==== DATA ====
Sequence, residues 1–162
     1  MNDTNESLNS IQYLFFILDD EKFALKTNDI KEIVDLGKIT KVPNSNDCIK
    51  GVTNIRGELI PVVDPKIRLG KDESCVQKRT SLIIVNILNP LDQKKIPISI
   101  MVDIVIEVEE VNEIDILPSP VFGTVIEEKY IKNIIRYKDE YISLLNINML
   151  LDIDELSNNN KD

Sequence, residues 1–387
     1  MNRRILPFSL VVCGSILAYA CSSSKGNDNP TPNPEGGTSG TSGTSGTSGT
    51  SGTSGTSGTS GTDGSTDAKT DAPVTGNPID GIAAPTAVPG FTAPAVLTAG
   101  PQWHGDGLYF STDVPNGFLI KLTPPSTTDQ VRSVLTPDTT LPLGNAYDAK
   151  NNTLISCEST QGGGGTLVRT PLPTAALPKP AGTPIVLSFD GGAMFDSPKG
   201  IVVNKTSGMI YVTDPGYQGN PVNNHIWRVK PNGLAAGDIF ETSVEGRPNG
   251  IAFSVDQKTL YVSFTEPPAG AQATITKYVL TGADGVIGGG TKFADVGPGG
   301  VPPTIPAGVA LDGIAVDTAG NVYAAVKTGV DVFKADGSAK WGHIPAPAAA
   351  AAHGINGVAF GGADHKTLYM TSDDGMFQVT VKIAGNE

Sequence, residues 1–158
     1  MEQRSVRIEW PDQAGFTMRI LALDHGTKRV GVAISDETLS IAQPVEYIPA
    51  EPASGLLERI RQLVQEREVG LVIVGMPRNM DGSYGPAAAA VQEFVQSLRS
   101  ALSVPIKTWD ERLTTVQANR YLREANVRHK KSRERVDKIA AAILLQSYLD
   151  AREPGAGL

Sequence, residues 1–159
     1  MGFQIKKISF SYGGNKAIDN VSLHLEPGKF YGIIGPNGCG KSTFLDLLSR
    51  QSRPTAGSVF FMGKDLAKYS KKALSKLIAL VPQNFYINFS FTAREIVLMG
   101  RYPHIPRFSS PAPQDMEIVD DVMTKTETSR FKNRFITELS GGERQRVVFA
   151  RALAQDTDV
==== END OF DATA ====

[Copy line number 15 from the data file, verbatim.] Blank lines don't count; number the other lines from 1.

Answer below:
Sequence, residues 1–158